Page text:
Most of his opponents don’t have that particular background. Most of them are skilled at politics as it’s usually played, but Trump doesn’t play that way. So he is more apt to confound them—and the pundits, too.

I’ll close with a passage from a recent article by Andrew C. McCarthy that sparked this post. Often I agree with McCarthy, and in this case, I agree with much of his material, but not this particular passage:

I don’t believe Trump is a master strategist who did this to force Speaker Pelosi and other mainstream Democrats, at their electoral peril, to embrace the radicals. That’s just the lemonade that Trump supporters are trying to make of the president’s never-ending supply of lemons.

But what degree of mental gymnastics would it take to imagine that forcing Pelosi to defend her radical flank was indeed Trump’s goal? Is that reasoning so twisted, so esoteric, so challenging to believe, knowing the man and his history? I think it’s a relatively obvious thing to do, particularly for someone like Trump who thinks along strategic lines. Trump supporters don’t have to strain very much to think of that explanation, plus in the past, an awful lot of Trump’s lemons have gone to make a pretty tasty and tangy beverage for those on the right to drink.

McCarthy adds something that is in some ways a lot more telling [emphasis mine]:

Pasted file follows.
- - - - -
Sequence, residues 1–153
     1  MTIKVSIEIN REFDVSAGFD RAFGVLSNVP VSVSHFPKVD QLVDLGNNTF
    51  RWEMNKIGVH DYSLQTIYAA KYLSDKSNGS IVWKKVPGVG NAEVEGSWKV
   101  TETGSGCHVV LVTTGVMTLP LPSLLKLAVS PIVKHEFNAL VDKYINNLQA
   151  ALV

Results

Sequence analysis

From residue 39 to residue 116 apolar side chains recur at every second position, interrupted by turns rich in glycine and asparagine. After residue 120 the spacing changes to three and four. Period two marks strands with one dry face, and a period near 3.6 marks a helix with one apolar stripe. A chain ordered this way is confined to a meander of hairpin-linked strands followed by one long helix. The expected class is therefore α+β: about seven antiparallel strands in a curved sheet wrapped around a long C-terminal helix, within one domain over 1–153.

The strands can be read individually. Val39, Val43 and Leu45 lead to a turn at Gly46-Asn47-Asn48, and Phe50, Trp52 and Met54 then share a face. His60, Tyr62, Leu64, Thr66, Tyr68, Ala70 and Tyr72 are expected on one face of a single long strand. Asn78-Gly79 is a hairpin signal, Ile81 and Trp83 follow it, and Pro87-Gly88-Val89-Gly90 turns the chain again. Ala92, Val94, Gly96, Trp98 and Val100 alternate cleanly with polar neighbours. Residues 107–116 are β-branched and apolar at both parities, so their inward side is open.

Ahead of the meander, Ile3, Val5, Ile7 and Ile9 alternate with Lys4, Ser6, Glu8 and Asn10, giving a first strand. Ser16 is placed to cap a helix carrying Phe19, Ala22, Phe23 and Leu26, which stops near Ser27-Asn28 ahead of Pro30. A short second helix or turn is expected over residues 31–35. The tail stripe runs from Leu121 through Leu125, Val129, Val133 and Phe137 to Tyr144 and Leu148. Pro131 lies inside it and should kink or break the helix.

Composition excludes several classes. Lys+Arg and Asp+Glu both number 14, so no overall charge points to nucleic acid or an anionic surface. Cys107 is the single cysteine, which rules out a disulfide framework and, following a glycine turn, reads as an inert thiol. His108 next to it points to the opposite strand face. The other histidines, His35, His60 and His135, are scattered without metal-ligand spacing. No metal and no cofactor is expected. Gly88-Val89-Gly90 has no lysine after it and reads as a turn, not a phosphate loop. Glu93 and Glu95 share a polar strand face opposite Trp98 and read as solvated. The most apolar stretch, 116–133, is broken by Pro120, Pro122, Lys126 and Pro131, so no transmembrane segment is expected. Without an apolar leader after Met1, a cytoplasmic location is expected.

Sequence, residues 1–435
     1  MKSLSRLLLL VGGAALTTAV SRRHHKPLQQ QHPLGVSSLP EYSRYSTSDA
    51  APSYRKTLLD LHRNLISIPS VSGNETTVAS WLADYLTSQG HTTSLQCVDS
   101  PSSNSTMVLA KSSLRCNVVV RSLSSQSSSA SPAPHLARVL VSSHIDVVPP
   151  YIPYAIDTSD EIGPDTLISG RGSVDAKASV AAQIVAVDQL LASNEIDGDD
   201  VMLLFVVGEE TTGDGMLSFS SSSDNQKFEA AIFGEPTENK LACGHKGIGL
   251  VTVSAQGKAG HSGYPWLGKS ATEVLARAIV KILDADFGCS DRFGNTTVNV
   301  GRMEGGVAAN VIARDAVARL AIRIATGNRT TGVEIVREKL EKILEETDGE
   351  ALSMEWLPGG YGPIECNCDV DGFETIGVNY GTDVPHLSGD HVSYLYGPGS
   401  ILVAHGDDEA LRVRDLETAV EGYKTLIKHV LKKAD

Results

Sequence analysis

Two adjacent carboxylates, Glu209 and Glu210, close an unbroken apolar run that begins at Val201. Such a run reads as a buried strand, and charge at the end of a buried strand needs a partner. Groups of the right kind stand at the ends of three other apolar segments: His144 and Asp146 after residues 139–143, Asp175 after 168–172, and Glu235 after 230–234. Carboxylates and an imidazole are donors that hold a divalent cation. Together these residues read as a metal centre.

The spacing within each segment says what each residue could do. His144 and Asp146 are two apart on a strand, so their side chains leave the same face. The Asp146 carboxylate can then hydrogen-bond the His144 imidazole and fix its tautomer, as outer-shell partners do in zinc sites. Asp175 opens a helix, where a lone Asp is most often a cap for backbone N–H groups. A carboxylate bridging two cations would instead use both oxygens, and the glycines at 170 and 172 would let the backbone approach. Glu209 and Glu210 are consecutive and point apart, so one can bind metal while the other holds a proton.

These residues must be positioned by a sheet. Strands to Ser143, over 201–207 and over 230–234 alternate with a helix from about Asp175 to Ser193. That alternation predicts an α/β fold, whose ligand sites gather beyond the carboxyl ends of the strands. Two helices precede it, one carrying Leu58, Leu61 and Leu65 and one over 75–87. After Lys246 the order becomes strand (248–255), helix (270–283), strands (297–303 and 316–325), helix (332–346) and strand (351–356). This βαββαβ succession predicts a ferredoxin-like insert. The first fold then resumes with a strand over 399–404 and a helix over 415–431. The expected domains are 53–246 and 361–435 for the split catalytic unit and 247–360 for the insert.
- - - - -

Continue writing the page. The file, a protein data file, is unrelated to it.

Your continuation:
In any event, while it is beneath a president to carp in Trump’s juvenile way, I have less heartburn in principle with a president’s attacking radicalism than I do with a congresswoman’s claim that any criticism of her is an implicit criticism of immigrants, women, black people, etc.

McCarthy has a fascinating history regarding Trump, and it parallels that of a lot of people on the right. He didn’t like him to begin with and doesn’t like him now, and some of that is for stylistic reasons. But he has come to appreciate what Trump accomplishes, while still disliking what one might summarize as Trump’s style.

I don’t think the word “juvenile” actually applies here. Trump can sound somewhat juvenile at times, in the sense of issuing tweets that resemble schoolyard taunts. I don’t think the tweets under discussion here were one of those times, but let’s say for the sake of argument that they were. The question is whether they (or other tweets) reflect a juvenile mind and emotional makeup, or whether they are part of a decision Trump has made that this is an effective way for him to fight in the dirty and vicious game that is politics. I think it’s far more the latter.